Data Centers Prepare for Hurricane SandyOctober 29, 2012
Update: Flooding in New York Knocks Data Centers OfflineOctober 31, 2012
You’ve heard it all before: cloud computing is changing the way we store and access precious bits of information.
This past weekend, I woke up and did my usual routine. Basically, it consists of two glasses of water followed by a steaming cup of black coffee. Usually I don’t think to much about work, but for some reason the whole “Cloud Computing” buzzword/craze popped into my head. I truthfully realized, I have no idea how or why cloud computing works. I mean, there has to be a piece of hardware sucking power from the grid located somewhere.
Virtualization – Say What?
You mean to tell me there are no dedicated or shared servers sitting in a bunch of data centers somewhere? A call to a friend much more enlightened than I, proved I was on the right track. More importantly, it made me question all those buzz words being thrown around.”Cloud” makes me think of numbers and zeros sitting on clouds, not servers.
Better yet “Virtualization” makes me think of that Aerosmith Video. You know, “Amazing” I think it was. Something to do with virtual reality chat rooms and such (nothing?) but I digress. Back to the point.
What’s more relevant is that forbes.com just released an article of research explaining cloud computing storage and usage will more than triple by 2016.
So the question remains, what is cloud computing, and how does it work? More importantly, why is it important as network computing moves forward?
That pesky Buzzword – Really It’s a Server
As my friend kindly explained, that information we are so obsessed with storing, isn’t just floating in the ethers of a network per-se, although software makes it possible for us to free-up loads of space on physical machines. Together with Hardware and Software, Cloud based computing architectures are able to achieve the “economies of scale” over an entire network of servers.
Vendors are simply buying and selling the service to bring down storage costs associated with running a physical data center. Cloud Storage is sort of like web email accounts. We access, create and store email documents on our gmail accounts without actually storing them on our physical machines. In that sense, the term “Cloud Storage” makes sense. We are entrusting our data to be stored on a remote server accessed by a third party application. Make sense? Well sort of (if you’re me), but what about that whole “economies of scale” thing, why is cloud computing the biggest cost effective solution since the advent of outsourced data center operators?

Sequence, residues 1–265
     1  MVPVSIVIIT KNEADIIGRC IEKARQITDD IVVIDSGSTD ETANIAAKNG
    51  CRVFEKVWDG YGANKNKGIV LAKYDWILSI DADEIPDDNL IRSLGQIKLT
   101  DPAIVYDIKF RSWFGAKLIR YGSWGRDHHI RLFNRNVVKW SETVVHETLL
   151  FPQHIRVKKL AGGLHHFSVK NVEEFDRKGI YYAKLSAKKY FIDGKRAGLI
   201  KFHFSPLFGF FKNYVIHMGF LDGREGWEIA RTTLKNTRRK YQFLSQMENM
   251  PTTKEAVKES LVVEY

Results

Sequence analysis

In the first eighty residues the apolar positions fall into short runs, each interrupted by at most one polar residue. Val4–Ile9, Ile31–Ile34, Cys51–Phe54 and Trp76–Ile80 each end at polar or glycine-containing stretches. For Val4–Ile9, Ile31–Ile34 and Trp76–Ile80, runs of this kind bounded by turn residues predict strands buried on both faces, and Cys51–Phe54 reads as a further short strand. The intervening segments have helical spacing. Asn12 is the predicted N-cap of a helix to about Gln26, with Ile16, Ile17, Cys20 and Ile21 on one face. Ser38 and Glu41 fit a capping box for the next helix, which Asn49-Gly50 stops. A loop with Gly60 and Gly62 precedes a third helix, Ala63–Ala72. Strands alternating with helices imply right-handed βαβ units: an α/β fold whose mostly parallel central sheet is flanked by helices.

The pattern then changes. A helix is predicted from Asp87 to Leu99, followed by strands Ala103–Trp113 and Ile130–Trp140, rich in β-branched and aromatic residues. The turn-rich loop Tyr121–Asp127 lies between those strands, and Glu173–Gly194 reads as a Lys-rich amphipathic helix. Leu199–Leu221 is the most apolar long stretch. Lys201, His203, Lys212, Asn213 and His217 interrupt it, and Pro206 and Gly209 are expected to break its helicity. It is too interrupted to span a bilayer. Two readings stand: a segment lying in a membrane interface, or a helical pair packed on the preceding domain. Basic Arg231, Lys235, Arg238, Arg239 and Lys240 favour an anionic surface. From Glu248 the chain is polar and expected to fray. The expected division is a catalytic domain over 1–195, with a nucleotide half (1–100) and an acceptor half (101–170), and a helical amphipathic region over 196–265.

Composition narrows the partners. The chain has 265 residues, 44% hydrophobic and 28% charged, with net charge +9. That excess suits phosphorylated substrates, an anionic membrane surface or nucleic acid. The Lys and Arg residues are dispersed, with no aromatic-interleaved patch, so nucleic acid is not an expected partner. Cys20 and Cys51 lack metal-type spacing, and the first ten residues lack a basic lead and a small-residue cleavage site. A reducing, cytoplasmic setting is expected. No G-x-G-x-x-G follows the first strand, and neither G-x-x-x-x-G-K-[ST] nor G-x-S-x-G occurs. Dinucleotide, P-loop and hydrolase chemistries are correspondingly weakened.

Shared Infrastructures Equal Cheaper Storage
What I got out of this conversation was that, cloud computing, with all its combined resources, relies on a converged network working together to increase computing capabilities while lowering the cost. All that and yes, a server still exists on the other side of the cloud. In the computer world, data storage capabilities increase exponentially, physical hardware gets smaller and more powerful while costs gradually decrease. Such is the case for cloud and why businesses are being encouraged to move to the platform and not invest in traditional IT infrastructure.
The conglomerate of network providers coming together to share bandwidth, offering up their servers in the process, speeds the whole crazy thing along. While it makes more sense to me now than it did a few years ago, I still think the majority of folks following the cloud craze are confused as to what it really means. Hopefully after reading this little rant, they’ll have a better understanding. If anything, ask someone who knows what’s up. That will quickly put an end to those Aerosmith inspired interpretations of Cloud Computing. Just for kicks though, here’s that Aerosmith video I was talking about. It’s even better than I remembered it: